Windham High senior Morgan Proulx is a member of the National Honor Society and involved with the school’s Interact Club, which involves community service. Shawn Patrick Ouellette/Staff Photographer Buy this Photo

Windham High volleyball coach Chris Cloutier didn’t waste any words when asked to describe senior co-captain Morgan Proulx.

“Great player, great student, great person,” he said.

Proulx had been a captain for the Eagles, who reached the Class A semifinals before falling to eventual champion Falmouth 3-1, since her sophomore year and is considered the ultimate team player. This year she switched positions from outside hitter to libero.

“And she did pretty well,” said Cloutier. “She has always been looked at as the go-to person on the team for support and stuff like that. She was always looking to grow as a player.”

Proulx, 17, is a member of the National Honor Society and involved with the school’s Interact Club, which involves community service. She also competes in outdoor track. She is looking to study exercise sciences in college and hopes to become a physical therapist.

Q: You were selected as a captain in your sophomore year. That must have been a great honor.

A: It was. I was really grateful for the opportunity to be able to captain my team so early. It was a good opportunity to improve my leadership. That was one thing that I wanted to work on. Just having that opportunity with a couple of co-captains was really nice.

Q: What does it mean to you to be a captain?

A: It’s definitely the ability to connect with my team on a better level. I don’t feel being a captain I have power over them or anything. It’s more like being that person they feel comfortable talking to about anything and everything.

Q: You switched positions this year, from outside hitter to libero. Why did you do that?

A:  Over the past year we’ve been struggling moving people around the court to even out our starting team. We lost a bunch of seniors last year, a few that were starters, and when we did we weren’t sure we were going to have a replacement this year for the libero position specifically. We had a few more outsides than we probably needed. So my team and I came up with the idea that I might as well move if I was going to move anywhere and give some of the other girls a chance to hit outside.

Q: As libero, what are your responsibilities?

A: As libero I’m pretty much running the defense. So the whole back row and I are talking all the time, constantly about where the ball is going. My coach wants me to be the one talking, making sure everybody is always focused.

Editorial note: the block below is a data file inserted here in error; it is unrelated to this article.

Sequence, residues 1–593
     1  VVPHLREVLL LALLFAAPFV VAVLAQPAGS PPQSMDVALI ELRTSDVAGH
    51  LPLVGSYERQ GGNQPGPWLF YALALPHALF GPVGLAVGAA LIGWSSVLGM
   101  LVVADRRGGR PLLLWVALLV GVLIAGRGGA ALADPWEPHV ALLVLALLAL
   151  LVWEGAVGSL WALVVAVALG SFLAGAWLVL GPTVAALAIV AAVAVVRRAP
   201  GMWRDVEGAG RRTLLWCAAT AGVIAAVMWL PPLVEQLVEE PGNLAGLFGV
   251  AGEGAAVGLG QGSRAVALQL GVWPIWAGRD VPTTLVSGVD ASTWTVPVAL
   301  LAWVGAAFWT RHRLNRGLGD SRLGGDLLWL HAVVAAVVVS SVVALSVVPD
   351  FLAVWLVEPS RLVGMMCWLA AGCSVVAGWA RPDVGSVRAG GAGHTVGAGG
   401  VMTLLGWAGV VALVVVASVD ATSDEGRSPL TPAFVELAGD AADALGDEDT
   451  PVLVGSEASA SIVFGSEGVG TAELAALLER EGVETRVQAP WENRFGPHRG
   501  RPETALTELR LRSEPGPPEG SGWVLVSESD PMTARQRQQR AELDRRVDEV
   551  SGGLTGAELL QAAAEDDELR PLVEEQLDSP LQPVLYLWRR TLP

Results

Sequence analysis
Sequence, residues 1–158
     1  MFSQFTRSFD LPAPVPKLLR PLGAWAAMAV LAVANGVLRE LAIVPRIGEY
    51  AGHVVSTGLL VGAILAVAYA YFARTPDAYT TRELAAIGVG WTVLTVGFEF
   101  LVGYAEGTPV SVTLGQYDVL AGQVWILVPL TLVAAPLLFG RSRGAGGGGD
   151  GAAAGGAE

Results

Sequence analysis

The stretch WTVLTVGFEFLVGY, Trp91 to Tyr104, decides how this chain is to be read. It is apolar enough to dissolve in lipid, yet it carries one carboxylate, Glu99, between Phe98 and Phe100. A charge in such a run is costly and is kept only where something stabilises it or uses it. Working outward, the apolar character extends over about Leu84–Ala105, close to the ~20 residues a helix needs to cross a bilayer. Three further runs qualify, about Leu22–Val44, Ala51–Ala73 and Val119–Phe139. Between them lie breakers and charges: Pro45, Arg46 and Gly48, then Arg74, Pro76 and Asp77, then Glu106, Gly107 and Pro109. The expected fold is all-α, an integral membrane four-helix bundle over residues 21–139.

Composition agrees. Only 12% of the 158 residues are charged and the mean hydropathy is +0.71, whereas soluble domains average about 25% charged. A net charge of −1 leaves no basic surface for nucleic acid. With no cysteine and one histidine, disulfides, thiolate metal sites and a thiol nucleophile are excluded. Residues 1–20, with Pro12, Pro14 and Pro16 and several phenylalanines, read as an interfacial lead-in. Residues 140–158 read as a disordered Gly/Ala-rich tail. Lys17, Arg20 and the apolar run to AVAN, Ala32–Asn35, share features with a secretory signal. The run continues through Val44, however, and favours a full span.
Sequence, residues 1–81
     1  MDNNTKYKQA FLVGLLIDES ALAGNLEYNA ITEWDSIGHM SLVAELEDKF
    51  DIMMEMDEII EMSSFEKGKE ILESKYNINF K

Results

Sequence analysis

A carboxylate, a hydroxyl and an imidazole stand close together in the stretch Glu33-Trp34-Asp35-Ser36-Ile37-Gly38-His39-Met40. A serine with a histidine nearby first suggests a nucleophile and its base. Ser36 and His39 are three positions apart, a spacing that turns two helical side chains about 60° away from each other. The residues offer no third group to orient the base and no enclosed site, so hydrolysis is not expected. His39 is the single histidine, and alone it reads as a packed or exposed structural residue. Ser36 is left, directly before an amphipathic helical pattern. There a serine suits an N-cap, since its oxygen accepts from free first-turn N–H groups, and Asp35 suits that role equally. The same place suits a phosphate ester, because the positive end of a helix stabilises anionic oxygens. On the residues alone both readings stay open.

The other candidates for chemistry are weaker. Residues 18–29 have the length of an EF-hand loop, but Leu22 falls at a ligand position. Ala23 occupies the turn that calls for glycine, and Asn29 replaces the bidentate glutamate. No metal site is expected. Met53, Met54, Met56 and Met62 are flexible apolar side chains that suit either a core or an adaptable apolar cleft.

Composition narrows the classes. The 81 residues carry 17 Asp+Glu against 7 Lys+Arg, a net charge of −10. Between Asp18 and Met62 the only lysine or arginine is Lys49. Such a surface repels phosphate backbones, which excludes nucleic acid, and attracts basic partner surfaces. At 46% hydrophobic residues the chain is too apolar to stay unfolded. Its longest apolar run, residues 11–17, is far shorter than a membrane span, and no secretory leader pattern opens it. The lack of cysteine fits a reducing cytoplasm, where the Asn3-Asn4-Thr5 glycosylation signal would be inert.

Q: That seems like a big change from outside hitter.

A: It was really tough at first. Switching positions that quickly was difficult because I wasn’t prepared for it. I’ve played back row my whole life too because that’s what comes with being an outside. But staying permanently in the back row, with rule changes (she can’t jump to hit the ball), was different.

Q: What sort of community service have you done as a member of the Interact Club?

A: We went and worked at the Preble Street soup kitchen, which I’ve done in the past with one of my club volleyball teams, and I really liked that.

Q: How did you decide to look into physical therapy?

A: I recently started going to physical therapy for my back because I’ve had a lot of problems this year. And when I did go, my physical therapist, a couple of years older then me, seemed to really like her job. I wasn’t really sure quite what I wanted to go into but knew I wanted to focus on medical field. I did some research and really liked what I read.

Q: Volleyball is not a sport a lot of people say is their major sport.

A: Volleyball, I feel like, is overlooked in some cases. … But it’s a great sport to be a part of because I feel it’s kind of like a small family, at least our team is. I wish it was bigger. I wish that more people would get involved with it. But our middle school program has been coming a long way.

Q: How did you become involved?

A: My co-captain this year (Megan Fleck) got me into volleyball actually. She convinced me and a few of our teammates to join in middle school. And then after that I just really liked it so I continued with it. My freshman year I started playing club volleyball with Maine Juniors and I really loved it.

Q: What is it as a sport that you like?

A: I love that it’s not contact, for one. And that you’re constantly moving. It’s not like a single-person sport, it’s more like a team thing. You have to work together.

Q: How do you hope to be remembered?

A: I hope to be remembered as one of the people who brought this program to where it is now … One of the people who makes this sport enjoyable and a representative of how this sport and the people and the team as a whole should really be.

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